"It's Fishman!" Chuck's eyes were flashing with anger. "And you have bigger holes in your brain!"
Chuck's jibe silenced them for the moment. Gary elbowed through the circle to join Chuck and the two of them walked into homeroom together.
But the next morning the tough kids started in again. "What's the matter, the old man can't afford to buy you clothes?"
"'Course he can," the first tormentor's friend took up the jeer. "All his kind are filthy rich. He's just too stingy to part with his precious money. Isn't that right, Fishbein?"
"It's Fishman!" This time it was Gary's angry voice shouting the correction.
The attackers didn't seem anxious to take on two at once, especially since Chuck's friend was taller than Chuck and had a larger build. The principal glanced over and they took it as an excuse to slink away.
Chuck looked at Gary and managed a weak grin. "I'll show them," he said through gritted teeth. "When I grow up I'm gonna be richer than Midas. Just let them come crawling to me for a loan. I'll show them what it is to be rich and stingy! I'll have more money than..."
"Well, money isn't everything, Chuck," Gary wanted to tell him. But he bit back the words. He couldn't say that to someone whose family went without lunch.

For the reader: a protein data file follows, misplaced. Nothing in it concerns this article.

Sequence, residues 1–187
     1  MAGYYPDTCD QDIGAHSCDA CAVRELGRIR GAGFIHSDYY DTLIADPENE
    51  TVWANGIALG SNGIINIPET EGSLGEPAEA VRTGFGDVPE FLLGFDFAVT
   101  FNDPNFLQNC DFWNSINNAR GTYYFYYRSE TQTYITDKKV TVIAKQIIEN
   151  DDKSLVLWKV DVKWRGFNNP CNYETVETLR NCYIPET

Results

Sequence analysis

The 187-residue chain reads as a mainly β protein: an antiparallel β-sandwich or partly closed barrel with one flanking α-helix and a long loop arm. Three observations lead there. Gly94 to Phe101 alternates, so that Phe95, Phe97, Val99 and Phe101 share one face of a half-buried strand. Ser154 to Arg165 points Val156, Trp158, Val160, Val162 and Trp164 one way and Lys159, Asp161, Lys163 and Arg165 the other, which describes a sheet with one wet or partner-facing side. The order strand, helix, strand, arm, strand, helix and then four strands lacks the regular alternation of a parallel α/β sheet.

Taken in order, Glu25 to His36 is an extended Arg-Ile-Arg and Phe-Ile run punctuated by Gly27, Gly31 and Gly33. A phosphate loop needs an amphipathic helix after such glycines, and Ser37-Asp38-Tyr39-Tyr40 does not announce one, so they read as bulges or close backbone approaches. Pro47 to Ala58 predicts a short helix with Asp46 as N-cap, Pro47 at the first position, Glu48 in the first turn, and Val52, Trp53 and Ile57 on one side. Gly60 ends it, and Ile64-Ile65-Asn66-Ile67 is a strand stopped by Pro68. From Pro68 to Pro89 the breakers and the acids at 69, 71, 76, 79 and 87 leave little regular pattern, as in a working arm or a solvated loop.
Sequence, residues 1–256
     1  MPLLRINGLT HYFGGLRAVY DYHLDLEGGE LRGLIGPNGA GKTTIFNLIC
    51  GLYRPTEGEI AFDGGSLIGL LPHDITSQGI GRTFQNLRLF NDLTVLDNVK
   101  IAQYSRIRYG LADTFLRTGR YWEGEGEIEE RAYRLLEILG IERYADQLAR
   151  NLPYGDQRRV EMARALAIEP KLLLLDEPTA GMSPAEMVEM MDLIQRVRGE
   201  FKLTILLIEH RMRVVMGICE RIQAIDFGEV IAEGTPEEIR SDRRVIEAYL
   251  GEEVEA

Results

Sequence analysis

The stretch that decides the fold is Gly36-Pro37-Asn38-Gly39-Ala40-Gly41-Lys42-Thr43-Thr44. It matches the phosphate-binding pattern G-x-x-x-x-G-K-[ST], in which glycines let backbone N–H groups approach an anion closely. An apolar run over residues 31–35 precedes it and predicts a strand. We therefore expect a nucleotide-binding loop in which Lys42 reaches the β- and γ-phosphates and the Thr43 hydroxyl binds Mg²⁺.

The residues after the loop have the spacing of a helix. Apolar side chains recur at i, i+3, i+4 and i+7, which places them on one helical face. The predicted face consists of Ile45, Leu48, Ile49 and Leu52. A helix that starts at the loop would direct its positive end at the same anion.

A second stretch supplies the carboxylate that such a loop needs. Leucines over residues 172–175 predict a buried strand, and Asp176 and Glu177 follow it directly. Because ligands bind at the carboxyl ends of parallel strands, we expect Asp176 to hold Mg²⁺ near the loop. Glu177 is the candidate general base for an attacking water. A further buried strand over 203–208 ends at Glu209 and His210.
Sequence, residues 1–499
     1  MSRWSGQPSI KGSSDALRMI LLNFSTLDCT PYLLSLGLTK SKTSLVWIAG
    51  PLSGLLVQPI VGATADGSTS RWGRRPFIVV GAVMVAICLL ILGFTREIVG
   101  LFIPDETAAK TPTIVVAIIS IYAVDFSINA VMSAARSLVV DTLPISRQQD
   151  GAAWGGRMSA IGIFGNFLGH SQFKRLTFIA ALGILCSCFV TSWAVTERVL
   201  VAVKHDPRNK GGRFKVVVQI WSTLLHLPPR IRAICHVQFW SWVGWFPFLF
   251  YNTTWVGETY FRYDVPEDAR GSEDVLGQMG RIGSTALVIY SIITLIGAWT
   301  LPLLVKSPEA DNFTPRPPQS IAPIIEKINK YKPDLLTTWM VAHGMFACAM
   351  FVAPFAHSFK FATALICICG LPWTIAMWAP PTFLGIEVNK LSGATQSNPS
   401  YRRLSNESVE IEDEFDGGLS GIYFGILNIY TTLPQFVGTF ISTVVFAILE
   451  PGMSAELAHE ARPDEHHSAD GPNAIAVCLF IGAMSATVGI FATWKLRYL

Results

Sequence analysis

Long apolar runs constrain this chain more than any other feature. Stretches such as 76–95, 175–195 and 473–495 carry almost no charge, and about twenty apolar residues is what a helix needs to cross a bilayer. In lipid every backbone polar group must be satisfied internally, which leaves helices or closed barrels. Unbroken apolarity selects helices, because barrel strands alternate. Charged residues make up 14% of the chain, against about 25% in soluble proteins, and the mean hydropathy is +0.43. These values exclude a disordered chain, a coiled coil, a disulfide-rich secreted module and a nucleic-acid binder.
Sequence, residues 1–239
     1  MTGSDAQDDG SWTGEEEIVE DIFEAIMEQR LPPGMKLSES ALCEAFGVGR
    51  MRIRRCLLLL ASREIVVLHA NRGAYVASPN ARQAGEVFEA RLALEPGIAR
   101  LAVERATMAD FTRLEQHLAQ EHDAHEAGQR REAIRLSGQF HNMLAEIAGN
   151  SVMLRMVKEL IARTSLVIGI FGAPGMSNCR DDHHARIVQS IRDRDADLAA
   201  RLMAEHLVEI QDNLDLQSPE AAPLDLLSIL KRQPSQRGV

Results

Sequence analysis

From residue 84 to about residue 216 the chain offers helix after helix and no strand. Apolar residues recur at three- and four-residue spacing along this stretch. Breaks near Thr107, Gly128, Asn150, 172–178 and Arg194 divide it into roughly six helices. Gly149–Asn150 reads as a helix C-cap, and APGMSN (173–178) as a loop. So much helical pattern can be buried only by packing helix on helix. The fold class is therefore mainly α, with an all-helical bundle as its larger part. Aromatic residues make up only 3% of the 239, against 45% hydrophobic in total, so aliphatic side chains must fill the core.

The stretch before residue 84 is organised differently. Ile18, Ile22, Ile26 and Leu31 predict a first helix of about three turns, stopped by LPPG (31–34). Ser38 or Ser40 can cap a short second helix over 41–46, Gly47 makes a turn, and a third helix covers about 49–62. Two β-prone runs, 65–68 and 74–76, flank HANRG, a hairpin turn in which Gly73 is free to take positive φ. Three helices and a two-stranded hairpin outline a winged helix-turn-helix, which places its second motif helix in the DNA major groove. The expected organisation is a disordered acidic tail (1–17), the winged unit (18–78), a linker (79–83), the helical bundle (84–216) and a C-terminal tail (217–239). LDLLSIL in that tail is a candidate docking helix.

"How do -- how do you plan to do that?" he asked instead.
"I'll play the stock market," said Chuck defiantly, "maybe I'll even be a broker, someday."
Gary nodded. "It wouldn't surprise me."
Gary looked, now, at the man in the new cashmere sweater and the latest ankle boots. But he saw again a thin, tattered twelve-year-old.
"Hey," Gary asked him, "you remember how we got to be friends?"
"Yeah." Chuck screwed up his face as if trying to remember more clearly. "There was this big, goofy-faced kid in seventh grade who kept forgetting his math book. The shlub needed old Chuck to watch out for him." Chuck grinned at Gary.
"Guess he did," Gary agreed and was silent for a moment. "Hey," he said again, "I'm sorry I was rough on you about the paper."
"I just don't get it, Gar," Chuck complained, taking advantage of Gary's sudden good humor, "I don't get why you never let me..."
"Now, don't start again," Gary warned him.
But the usual forcefulness was missing from Gary's words and Chuck pretended not to hear. "... Why you never let me have a chance to beat the odds," he finished.
"Well, Chuck," Gary said to his friend, "you -- you already did beat them, buddy."
I got the idea for this after watching a documentary about poverty. At the time I had seen about 8-10 first season episodes and there were no indications of what Chuck's family's financial conditions were like when he was growing up. I decided to have them living in desperate poverty. Now I tend to think that Chuck's family was middle class or even well off. But the idea for this story just wouldn't go away.
Email the author: email@example.com